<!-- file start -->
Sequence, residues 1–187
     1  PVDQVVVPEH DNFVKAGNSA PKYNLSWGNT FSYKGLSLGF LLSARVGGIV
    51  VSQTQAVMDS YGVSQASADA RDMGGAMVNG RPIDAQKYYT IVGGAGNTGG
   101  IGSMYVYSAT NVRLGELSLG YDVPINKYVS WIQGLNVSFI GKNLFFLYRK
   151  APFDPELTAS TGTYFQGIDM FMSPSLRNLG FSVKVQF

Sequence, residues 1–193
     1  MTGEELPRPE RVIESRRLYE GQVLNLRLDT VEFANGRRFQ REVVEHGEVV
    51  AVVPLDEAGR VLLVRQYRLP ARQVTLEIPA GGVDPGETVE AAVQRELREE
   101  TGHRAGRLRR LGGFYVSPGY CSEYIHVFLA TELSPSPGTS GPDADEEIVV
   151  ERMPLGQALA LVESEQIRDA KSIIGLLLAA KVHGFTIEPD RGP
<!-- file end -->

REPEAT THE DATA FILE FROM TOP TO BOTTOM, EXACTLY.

Sequence, residues 1–187
     1  PVDQVVVPEH DNFVKAGNSA PKYNLSWGNT FSYKGLSLGF LLSARVGGIV
    51  VSQTQAVMDS YGVSQASADA RDMGGAMVNG RPIDAQKYYT IVGGAGNTGG
   101  IGSMYVYSAT NVRLGELSLG YDVPINKYVS WIQGLNVSFI GKNLFFLYRK
   151  APFDPELTAS TGTYFQGIDM FMSPSLRNLG FSVKVQF

Sequence, residues 1–193
     1  MTGEELPRPE RVIESRRLYE GQVLNLRLDT VEFANGRRFQ REVVEHGEVV
    51  AVVPLDEAGR VLLVRQYRLP ARQVTLEIPA GGVDPGETVE AAVQRELREE
   101  TGHRAGRLRR LGGFYVSPGY CSEYIHVFLA TELSPSPGTS GPDADEEIVV
   151  ERMPLGQALA LVESEQIRDA KSIIGLLLAA KVHGFTIEPD RGP